These types of approaches to peer evaluation are key, administrators said. Facilitating more candid opportunities for feedback builds a sense of collaboration and collective efficacy among teachers, unlike hierarchical accountability measures that might alienate teachers from administrators and one another.

Teacher-teacher relationships aren’t the only kinds districts prioritize. Teacher-administrator relationships are just as important.

“[Our] principals should be in classrooms 70% of the day,” said Ryan Stromberg, Director of Human Resources and Organizational Development at Spring Lake Park. Not evaluating, he clarified—offering support, hearing feedback, building relationships with teachers and students.

Valuing Teachers Means Trusting Teachers

Strong relationships between administration and teachers form when teachers feel valued. This means valuing teacher voices—and administrators were conscious that this idea is too often paid little more than lip service. ‘Teacher voice’ has become cliché. For the districts we spoke with, valuing teachers means more than token participation and the illusion of influence. It means trusting teachers.

A recent report on retaining Minnesota teachers asserted that, to retain quality teachers, Minnesota schools must “provide the resources to allow educators and administrators to build collaborative working environments” and “increase support for teacher agency, which means granting autonomy to teachers as they respond to student needs and involving teachers in the school-wide decision-making process.”

A particularly important area in which to value teacher expertise and input is in the design of retention programs themselves. At Osseo, decisions over mentorship programs or teacher professional development are made with the input of teachers and administrators together. Said Mr. Williams, “It’s community based. We leverage the collective knowledge of the room.”

But districts are also intentional about creating space for teachers to drive larger school design decisions. At Spring Lake Park, over the last several years teachers have led planning teams charged with the redesign of physical learning spaces in schools across the district. Decisions related to facilities, to budget—administrative decisions—were made by teachers.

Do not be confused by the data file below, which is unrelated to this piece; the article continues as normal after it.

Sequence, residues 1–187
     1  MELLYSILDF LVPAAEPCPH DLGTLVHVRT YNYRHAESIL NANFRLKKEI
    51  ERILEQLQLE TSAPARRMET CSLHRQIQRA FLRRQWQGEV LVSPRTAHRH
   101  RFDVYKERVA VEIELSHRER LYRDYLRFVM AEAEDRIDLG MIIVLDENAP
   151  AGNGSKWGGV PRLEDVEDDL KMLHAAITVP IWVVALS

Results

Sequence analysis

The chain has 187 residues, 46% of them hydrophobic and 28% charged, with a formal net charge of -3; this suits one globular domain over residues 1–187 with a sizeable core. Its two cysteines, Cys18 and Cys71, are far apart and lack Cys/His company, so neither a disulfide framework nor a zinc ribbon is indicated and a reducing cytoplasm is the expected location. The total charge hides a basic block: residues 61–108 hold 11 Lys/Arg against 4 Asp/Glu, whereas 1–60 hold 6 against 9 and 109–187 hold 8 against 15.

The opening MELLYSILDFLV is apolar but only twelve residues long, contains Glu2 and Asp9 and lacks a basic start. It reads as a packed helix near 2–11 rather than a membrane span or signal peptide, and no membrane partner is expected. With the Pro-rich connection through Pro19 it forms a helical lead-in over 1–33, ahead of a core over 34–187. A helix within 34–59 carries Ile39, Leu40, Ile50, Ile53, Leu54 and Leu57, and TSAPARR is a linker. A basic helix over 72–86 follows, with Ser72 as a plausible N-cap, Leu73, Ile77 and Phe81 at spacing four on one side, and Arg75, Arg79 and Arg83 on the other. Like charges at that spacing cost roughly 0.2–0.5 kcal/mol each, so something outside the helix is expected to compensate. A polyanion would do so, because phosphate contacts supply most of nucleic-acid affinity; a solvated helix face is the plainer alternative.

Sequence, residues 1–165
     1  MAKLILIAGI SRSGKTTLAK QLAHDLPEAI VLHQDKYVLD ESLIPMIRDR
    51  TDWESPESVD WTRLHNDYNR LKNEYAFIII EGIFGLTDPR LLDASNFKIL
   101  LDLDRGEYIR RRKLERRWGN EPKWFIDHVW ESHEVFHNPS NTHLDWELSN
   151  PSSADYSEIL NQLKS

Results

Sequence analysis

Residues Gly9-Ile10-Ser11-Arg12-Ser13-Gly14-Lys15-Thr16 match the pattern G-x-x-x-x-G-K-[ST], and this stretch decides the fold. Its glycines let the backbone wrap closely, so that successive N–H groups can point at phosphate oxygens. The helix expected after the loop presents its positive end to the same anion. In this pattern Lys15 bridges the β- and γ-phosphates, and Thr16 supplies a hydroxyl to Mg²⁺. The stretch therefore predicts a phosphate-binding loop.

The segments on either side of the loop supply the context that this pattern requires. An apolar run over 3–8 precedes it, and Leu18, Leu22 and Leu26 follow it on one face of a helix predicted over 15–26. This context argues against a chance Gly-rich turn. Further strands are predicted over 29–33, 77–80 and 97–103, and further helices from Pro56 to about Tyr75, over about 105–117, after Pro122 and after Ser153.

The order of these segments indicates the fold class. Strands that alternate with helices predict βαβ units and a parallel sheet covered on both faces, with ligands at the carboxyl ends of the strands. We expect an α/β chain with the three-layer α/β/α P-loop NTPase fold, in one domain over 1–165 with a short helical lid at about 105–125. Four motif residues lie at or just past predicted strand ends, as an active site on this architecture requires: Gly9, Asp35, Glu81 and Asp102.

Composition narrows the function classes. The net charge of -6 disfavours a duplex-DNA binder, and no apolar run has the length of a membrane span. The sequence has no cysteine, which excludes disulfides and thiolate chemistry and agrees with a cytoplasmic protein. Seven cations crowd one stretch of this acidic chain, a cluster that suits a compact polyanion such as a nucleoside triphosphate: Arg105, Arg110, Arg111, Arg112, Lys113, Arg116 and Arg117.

Formal Autonomy in Teacher-Powered Schools

One salient example of districts valuing teacher voice: a number of districts around the country have granted formal autonomy to teachers in teacher-powered schools, or schools where educator teams have autonomy and authority to make final decisions at their school site in areas impacting student success. These are collaborative working environments by design, prefaced on trust in teachers’ abilities and the belief that they will accept greater accountability in exchange for greater autonomy.

A school visit with Minnesota teacher-powered educators.

There are a few teacher-powered ‘ecosystems’ in districts across the country—in Los Angeles, Boston, New York. Locally, Minnesota is home to a few teacher-powered district schools, though most of the state’s 23 identified teacher-powered schools are charter.

“Teachers leave because they feel powerless,” said Lynn Nordgren, former teacher and past President of the Minneapolis Federation of Teachers. Nordgren, a supporter of teacher-powered schools, believes districts must do more to put teachers in charge of their profession—whether by moving to a teacher-powered model or granting teachers informal but greater authority.

In conversations with administrators, the view is clear: to retain teachers, districts need to create opportunities for authentic collaboration, meaningful input into decisions, relationships of trust, and as Dr. Rahn put it, hold “a belief in the infinite capacity of each person in the system to learn and grow.” Ultimately, the extent to which districts reflect this belief and truly value teachers can be seen in the professional respect, autonomy, and power teachers enjoy.

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We are grateful to the McKnight Foundation for their generous financial support for this series.